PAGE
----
El Villancico – My Spanish Word Of The Day 12/21/2105

¡Buenos días!

El villancico (la canción navideña) means Christmas carol.

Here is a Venezuelan Christmas carol called El Burrito Sabenero.  It is about a little donkey who travels from the savannah to Bethlehem on the that Jesus was born.

Here is White Christmas in Spanish – Blanca Navidad sung by Luis Miguel.

And finally, Here is a Christmas party song from Puerto Rico – La Fiesta de Pilito Navidad.

¡Espero que disfruten de estos villancicos!

¡Hasta Luego!

El Tiempo Entre Costuras Chapter 37

 

¡Buenos Días!

I am reading El Tiempo Entre Costuras by María Dueñas in Spanish.  It is slow going but I am persistent.  I have been reading for about 3 weeks and I have just finished Chapter 37. Only 32 more chapters to go!  Anyway, in Chapter 37, Sira, a beautiful Spanish seamstress, has been asked by her best friend, Rosalinda Fox, to return to Madrid from Morocco in order to become a British spy. The British want to keep tabs on the Germans living there during World War II.  She asks her mother for advice as to whether or not to agree to the proposition.

Below are a few new vocabulary words for me.  Please know that the English translations of the sentences from the novel are my own and may not be accurate.  But I think I have captured the gist of what each Spanish sentence means.

la yema – fingertip

“Bajó la cabeza y concentró la atención en la tela en la que estaba trabajando.  No dijo nada a lo largo de unos segundos: se quedó pensando, reflexionando sin prisa mientras la acariciaba con la yema del pulgar.”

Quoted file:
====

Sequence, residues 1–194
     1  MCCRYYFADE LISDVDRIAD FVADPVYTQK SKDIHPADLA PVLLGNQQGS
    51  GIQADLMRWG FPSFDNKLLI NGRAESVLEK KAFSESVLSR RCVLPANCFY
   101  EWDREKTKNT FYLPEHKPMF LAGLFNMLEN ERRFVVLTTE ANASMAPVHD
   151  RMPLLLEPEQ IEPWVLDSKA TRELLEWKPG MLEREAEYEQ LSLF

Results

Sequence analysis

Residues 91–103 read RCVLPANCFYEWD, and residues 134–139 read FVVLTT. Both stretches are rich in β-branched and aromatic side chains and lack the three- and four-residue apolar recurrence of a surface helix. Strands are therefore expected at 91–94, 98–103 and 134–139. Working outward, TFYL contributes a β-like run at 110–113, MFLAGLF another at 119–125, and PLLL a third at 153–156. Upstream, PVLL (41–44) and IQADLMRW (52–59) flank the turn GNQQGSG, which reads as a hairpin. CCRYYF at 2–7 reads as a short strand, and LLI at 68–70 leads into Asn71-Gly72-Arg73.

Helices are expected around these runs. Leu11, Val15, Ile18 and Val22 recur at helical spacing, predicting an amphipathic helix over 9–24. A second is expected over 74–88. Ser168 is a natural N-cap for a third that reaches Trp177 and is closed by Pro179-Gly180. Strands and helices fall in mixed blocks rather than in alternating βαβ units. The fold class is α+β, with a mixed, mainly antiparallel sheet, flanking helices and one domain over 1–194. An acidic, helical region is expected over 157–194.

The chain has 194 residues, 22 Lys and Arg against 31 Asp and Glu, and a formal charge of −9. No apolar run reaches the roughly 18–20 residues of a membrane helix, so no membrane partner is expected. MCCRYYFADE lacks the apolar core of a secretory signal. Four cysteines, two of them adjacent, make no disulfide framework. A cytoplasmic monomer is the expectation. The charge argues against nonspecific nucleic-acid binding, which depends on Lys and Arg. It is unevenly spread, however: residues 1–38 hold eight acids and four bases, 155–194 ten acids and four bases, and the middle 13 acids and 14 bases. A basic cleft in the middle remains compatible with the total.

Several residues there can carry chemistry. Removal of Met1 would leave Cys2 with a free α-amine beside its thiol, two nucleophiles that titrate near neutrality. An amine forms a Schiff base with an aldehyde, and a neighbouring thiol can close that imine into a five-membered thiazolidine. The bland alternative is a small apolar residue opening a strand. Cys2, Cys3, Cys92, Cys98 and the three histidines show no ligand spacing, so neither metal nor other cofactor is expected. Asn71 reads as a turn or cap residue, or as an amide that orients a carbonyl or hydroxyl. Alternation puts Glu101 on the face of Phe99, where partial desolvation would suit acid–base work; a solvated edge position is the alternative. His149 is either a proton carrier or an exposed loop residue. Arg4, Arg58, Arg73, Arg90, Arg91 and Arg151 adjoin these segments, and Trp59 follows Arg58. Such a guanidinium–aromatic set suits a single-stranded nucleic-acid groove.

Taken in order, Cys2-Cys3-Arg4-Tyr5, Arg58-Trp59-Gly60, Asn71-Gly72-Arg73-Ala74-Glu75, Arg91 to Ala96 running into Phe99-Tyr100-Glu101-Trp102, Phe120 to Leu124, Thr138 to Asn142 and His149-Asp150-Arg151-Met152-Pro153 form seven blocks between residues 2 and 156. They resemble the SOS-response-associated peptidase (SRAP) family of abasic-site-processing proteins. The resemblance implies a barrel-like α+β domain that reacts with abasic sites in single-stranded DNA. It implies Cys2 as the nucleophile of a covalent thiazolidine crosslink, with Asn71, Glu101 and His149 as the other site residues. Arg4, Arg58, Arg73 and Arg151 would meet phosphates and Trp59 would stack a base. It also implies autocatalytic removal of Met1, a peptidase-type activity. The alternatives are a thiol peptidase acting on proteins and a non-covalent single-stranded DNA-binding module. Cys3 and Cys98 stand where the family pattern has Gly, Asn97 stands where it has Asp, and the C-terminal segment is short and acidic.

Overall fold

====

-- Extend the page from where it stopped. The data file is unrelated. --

She lowered her head and concentrated her attention on her sewing.  She didn’t say anything for a few seconds: she was slowly thinking about what I had told her while she ran the tip of her thumb over the fabric.

dar esquinazo – to put off, to avoid, to dodge

“La que me crió marcando camino recto al que un mal día yo di esquinazo.”

She raised me to be good and to follow the straight and narrow path, but I veered off of it.

arrasar – to level, flatten, destroy, lay to waste

“España entera está arrasada, nadie tiene ya fuerzas para soportar de nuevo la misma pesadilla.”

Spain has been destroyed, no one has the strength to support the nightmare of another war.

montar una trama – to set up a plot

“Están intentando montar una trama de informadores clandestinos.”

They are trying to set up a plot (to spy on the Germans) using clandestine informants.

At the end of this chapter, Sira’s mother advises her to spy for the British.  I find this novel very exciting, and I can’t wait to find out what happens next!

¡Hasta Luego!

Un Tesoro – My Spanish Word Of The Day 12/14/2015

Treasure Chest

El Blog Para Aprender Español has published a treasure troveun tesoro of resources in order to review and practice the subjunctive mood.  Please Click Here to go to the blog post entitled Usamos la gramática: modo subjuntivo.  It contains a list of 40 or more of their previous blog posts which teach the use of the subjunctive.  It is a treasureun tesoro!

 

Brecha – My Spanish Word Of The Day 12/4/2015

¡Hola Spanish Language Lovers!

Today I am writing about the noun brecha and the verbal phrase hacerse una brecha.

Brecha means gash, wound or cut.  Let’s say that you wanted to say in Spanish:  The little girl fell in the playground and got a gash (or a cut) on her chin.  The sentence would go like this: La niña se cayó en le recreo y se hizo una brecha en la barbilla.